Here’s a heartwarming holiday story about an ambitious type-A lawyer named John Kralik whose personal and professional life was falling apart. “I was working so hard at times I felt like I was envying people with heart attacks because they got a few days off.” Despite all his hard work, his business was failing, his second marriage had recently ended, and his relationship with his children was on the rocks.
He decided to take a hike in the mountains on New Year’s Day, at which point things turned around in a dramatic way: “The inspiration that I received on that walk was that until I learned to be grateful for the good things that I had, I would not receive the things that I wanted.” He resolved to be more grateful by writing a “thank you” note to a different person for each day of that new year: 365 thank you’s, the title of a book he wrote about his experience.
I wholeheartedly endorse Kralik’s message: life is incredibly good, and we all have much to be thankful for. The interviewer even called his story “a great holiday message.”
Why, then, did I want to throw a brick at the TV?
Because the interviewer failed to ask Kralik about the 800-lb. gorilla in the room: From whom did Kralik “receive” this “inspiration”? Did Kralik believe God told him to be more grateful? What was Kralik’s religious background? How did his faith, assuming he had one, play into his decision to write these thank-you notes? Assuming the inspiration came from God (which seems reasonable), did Kralik feel as if he owed God anything? Had he talked to any religious professional (priest, pastor, rabbi) about this voice that he heard? Or, since he describes hearing a voice in his head, was he possibly insane?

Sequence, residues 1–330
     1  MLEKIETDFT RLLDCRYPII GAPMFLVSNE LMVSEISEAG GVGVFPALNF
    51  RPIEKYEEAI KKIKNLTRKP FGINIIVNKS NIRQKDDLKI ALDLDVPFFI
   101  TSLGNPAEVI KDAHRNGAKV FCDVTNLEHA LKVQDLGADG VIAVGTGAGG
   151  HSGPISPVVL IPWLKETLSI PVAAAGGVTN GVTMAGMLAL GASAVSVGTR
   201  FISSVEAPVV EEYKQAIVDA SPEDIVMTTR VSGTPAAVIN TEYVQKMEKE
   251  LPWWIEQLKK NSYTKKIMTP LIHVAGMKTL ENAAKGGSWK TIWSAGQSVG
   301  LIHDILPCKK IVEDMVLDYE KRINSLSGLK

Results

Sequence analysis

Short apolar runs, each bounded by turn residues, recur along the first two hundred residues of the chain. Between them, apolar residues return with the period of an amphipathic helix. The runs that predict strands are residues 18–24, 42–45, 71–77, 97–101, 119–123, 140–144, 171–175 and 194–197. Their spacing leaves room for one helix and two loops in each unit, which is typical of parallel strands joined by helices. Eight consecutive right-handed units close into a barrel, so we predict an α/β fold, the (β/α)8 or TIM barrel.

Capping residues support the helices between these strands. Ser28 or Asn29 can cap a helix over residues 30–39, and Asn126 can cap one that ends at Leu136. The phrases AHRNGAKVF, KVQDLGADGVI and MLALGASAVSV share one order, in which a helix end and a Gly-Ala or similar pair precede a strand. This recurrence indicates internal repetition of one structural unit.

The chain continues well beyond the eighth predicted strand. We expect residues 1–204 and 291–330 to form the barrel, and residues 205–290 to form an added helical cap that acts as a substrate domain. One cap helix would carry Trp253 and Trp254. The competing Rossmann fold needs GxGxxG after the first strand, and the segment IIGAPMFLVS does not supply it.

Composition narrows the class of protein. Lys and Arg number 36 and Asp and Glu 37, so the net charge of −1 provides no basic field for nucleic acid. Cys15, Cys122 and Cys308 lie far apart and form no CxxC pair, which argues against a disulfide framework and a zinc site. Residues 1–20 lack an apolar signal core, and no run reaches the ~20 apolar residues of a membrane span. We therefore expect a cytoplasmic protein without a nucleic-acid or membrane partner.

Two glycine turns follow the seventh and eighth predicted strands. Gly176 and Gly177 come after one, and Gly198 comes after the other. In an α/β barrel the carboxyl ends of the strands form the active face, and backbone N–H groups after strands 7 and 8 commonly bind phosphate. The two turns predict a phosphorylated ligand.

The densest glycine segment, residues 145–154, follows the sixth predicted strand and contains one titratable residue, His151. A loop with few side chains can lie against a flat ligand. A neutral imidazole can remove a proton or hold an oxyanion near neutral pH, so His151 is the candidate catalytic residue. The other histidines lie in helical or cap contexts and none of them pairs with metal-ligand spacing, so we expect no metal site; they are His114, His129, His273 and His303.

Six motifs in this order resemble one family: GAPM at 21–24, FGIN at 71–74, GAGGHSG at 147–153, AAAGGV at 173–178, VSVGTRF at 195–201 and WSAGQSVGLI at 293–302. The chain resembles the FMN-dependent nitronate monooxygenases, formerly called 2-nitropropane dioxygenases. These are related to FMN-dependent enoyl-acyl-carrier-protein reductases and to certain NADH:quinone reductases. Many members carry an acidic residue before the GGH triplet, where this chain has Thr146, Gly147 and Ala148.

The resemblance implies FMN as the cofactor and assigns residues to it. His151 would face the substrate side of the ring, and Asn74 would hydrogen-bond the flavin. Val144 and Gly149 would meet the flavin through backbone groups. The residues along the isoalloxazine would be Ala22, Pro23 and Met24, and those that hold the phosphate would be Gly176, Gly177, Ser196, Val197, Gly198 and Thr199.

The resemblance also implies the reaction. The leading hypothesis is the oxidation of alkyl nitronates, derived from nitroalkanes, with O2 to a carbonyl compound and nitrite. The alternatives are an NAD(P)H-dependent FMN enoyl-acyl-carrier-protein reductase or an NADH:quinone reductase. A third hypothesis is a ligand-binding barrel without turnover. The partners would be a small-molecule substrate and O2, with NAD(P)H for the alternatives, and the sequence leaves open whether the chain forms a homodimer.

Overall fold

These are all fair questions. The story had all the trappings of a religious conversion with none of the content. Why? For all I know, this mountain-top experience might have been a deeply religious and spiritual awakening for Kralik, but the interview doesn’t give us access to that.
This sort of thing happens in our popular culture all the time: the media create a narrative that, perhaps in a well-intentioned effort to avoid offending anyone, excludes talk of God or religion. This news segment is supposed to represent “reality,” but it’s not realistic. Even if people don’t regularly go to church, synagogue, temple, or mosque, they often have deep religious thoughts, questions, and feelings. They think about God—even when they doubt God exists—and they wonder how they should conduct their lives in relation to God.
It seems incredibly likely that Kralik has given more than a passing thought to the question, “From what or whom did I receive this inspiration? To whom should I be grateful for this experience of learning about the importance of gratitude?” We’ll never know.